With some machines we shall be able to have the wing in one piece all the way across, held on top or underneath the fuselage with rubber bands. When we build it this way it is best to leave the main spar a bit long at the centre of the wing, so that when the two halves are fixed together the two main spars nearly touch. To fix the two halves together we put them on a flat board with the centre ribs the correct distance apart, which will most likely be the width of the fuselage, and raise the tips on blocks of wood, or match boxes or something similar. The main spar should be shaved off at the bottom, so that the ribs lie flat on the board. Fig. 37c shows the wing set up. We must put pins in to hold things in place while we put in the joining pieces. For these we use pieces of the same section as the leading and trailing edges, cut to length so that they are a good fit; that is, not tight nor loose enough to shake. To join the two parts of the main spar we can use a piece of 1/16in. sheet cut to a good fit and glued on the sides. If we have a large, heavy model we can use two pieces of sheet, one on each side. If we want an extra strong job we can cover the centre section with 1/64in. or 1/32in. sheet balsa. This will be useful if we are fitting the wing under the body. When fitting the wing this way, one of the best methods is to cut a piece out of the bottom of the fuselage to take it. Where we, cut away the bottom longeron we must insert a plate of sheet balsa about 1/16in. or 1/8in. thick. This is cut to the curve of the top of the wing, and should continue under the front of the wing to the point where the curve of the wing meets the line of the fuselage. All inside this curve should be covered with 1/32in. sheet balsa. The wing can then be held in place with a rubber band. The side plates should, of course, be put in when the fuselage is built in place of the longerons at that point (Fig. 15a).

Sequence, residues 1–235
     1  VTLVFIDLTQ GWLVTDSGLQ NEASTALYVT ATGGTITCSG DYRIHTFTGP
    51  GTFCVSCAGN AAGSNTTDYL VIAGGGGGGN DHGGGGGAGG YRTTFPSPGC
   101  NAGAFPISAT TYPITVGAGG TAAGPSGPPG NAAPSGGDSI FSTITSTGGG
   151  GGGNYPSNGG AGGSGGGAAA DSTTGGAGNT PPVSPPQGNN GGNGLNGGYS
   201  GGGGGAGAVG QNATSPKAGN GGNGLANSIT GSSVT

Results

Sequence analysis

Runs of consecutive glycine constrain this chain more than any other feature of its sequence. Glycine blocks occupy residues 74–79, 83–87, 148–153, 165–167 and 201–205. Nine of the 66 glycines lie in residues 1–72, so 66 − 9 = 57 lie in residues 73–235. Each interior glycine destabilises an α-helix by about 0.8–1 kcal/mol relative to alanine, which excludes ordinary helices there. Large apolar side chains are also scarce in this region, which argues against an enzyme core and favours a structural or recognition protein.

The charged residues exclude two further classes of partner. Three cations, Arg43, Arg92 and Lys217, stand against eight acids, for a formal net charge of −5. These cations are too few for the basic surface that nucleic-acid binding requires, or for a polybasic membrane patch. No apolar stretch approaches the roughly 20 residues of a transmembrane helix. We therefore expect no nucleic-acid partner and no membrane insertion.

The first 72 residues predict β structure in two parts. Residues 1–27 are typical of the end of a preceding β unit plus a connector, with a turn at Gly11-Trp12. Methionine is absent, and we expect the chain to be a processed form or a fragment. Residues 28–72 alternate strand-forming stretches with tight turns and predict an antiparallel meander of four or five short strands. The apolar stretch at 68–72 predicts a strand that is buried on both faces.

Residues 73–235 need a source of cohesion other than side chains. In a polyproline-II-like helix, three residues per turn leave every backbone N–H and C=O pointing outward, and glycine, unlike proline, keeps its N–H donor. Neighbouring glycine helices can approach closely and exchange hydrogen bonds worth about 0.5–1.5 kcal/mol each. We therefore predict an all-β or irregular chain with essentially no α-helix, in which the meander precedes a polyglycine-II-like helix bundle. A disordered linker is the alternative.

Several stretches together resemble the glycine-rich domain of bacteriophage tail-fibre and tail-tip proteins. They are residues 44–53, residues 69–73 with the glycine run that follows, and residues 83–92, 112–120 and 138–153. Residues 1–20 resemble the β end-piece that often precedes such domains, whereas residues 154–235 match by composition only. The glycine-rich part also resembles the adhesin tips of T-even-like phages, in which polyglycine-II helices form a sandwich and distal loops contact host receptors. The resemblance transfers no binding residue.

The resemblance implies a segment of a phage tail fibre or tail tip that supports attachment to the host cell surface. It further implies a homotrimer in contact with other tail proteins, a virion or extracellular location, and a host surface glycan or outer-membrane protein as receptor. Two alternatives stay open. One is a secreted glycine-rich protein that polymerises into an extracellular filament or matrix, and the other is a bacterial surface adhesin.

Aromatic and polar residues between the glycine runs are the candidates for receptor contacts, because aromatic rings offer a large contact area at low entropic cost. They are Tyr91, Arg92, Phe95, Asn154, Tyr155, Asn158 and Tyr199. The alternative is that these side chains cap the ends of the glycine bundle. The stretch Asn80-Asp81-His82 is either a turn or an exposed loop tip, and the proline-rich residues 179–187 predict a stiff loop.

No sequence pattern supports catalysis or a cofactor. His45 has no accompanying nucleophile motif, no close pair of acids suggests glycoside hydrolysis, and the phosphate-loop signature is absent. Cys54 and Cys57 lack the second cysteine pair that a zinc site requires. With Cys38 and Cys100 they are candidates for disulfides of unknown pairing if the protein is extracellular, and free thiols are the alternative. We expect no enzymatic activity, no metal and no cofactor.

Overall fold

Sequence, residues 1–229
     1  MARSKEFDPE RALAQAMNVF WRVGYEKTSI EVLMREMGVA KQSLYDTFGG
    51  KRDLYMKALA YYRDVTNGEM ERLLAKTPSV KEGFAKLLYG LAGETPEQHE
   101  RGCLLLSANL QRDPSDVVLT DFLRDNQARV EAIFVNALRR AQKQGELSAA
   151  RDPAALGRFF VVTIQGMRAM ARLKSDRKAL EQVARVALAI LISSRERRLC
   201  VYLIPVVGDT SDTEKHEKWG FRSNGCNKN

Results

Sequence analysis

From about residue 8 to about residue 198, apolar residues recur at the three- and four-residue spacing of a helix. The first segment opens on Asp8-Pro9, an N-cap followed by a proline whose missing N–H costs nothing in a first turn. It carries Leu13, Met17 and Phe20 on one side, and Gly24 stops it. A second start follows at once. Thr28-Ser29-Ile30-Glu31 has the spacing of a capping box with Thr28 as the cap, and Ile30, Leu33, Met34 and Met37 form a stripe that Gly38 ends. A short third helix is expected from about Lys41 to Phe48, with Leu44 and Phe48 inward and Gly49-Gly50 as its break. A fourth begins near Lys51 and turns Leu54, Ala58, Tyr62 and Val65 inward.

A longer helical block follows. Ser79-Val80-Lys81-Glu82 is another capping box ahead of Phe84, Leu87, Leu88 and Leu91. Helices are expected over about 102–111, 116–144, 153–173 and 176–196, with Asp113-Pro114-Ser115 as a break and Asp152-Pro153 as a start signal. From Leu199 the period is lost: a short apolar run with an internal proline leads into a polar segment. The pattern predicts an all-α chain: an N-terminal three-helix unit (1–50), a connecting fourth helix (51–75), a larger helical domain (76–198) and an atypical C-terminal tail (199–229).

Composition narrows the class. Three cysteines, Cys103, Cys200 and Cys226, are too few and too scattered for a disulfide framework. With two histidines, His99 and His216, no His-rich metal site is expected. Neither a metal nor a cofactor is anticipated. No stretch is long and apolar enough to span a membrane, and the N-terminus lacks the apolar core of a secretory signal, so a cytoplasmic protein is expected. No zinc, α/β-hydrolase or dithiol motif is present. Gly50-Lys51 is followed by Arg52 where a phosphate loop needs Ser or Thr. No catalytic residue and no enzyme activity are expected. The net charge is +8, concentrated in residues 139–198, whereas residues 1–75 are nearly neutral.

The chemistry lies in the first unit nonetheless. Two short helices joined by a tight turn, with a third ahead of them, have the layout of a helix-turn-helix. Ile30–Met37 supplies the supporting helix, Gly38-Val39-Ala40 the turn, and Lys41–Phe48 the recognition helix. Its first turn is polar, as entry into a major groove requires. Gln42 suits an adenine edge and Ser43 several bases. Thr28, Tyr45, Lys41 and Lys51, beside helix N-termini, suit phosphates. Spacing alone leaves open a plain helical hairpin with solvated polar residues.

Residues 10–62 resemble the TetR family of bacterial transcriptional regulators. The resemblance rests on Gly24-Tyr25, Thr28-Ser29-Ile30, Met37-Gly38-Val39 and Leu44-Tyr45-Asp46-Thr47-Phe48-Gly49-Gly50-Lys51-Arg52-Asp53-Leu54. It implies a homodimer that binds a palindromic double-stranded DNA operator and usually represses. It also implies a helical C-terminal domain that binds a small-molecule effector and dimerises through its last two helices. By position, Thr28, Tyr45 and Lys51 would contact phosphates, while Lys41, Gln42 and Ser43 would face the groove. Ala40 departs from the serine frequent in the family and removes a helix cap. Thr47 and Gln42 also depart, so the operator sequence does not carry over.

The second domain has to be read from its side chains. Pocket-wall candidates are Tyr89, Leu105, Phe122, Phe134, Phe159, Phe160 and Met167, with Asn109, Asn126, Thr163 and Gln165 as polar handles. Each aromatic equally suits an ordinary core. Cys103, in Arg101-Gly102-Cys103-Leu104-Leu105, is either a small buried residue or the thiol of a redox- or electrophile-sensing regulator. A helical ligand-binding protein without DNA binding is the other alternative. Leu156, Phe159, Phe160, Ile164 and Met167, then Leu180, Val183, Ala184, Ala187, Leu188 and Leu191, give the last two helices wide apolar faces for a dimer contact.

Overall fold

There are many ways for us to choose from for fixing the wing to the fuselage, some of which will do for either high or low-wing machines. One such method is shown in Fig. 38. We can make the tongue 1/8in. to 1/4in. thick and 1 in. to 2 in. wide, according to the size of the model, and the box can be made from 1/16in. sheet let into the first two ribs. We can, if we wish, cut away some of the balsa in the tongue to make it lighter, but if so we must leave a strip about 1/4in. to 3/8in. wide along the centre that has no hole breaking into it. To get the shape of the curved ends of the tongue, we draw the rear curve with the point of a pair of compasses on the leading edge of the rib that fits against the fuselage. The front curve is drawn with the compasses on the trailing edge of the same rib. When the box is put into the wing we must not forget the dihedral angle.